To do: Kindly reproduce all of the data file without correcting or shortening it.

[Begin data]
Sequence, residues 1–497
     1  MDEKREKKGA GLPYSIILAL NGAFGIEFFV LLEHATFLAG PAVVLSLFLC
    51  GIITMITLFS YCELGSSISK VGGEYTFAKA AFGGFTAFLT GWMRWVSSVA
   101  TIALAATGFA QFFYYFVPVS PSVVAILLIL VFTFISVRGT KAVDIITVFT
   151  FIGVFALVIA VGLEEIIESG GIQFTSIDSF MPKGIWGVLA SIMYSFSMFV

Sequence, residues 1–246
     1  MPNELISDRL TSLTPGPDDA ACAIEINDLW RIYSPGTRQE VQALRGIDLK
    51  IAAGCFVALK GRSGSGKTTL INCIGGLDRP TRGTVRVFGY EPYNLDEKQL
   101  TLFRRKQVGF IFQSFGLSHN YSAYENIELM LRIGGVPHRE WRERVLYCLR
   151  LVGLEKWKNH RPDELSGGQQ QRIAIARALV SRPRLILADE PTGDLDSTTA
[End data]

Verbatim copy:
Sequence, residues 1–497
     1  MDEKREKKGA GLPYSIILAL NGAFGIEFFV LLEHATFLAG PAVVLSLFLC
    51  GIITMITLFS YCELGSSISK VGGEYTFAKA AFGGFTAFLT GWMRWVSSVA
   101  TIALAATGFA QFFYYFVPVS PSVVAILLIL VFTFISVRGT KAVDIITVFT
   151  FIGVFALVIA VGLEEIIESG GIQFTSIDSF MPKGIWGVLA SIMYSFSMFV

Sequence, residues 1–246
     1  MPNELISDRL TSLTPGPDDA ACAIEINDLW RIYSPGTRQE VQALRGIDLK
    51  IAAGCFVALK GRSGSGKTTL INCIGGLDRP TRGTVRVFGY EPYNLDEKQL
   101  TLFRRKQVGF IFQSFGLSHN YSAYENIELM LRIGGVPHRE WRERVLYCLR
   151  LVGLEKWKNH RPDELSGGQQ QRIAIARALV SRPRLILADE PTGDLDSTTA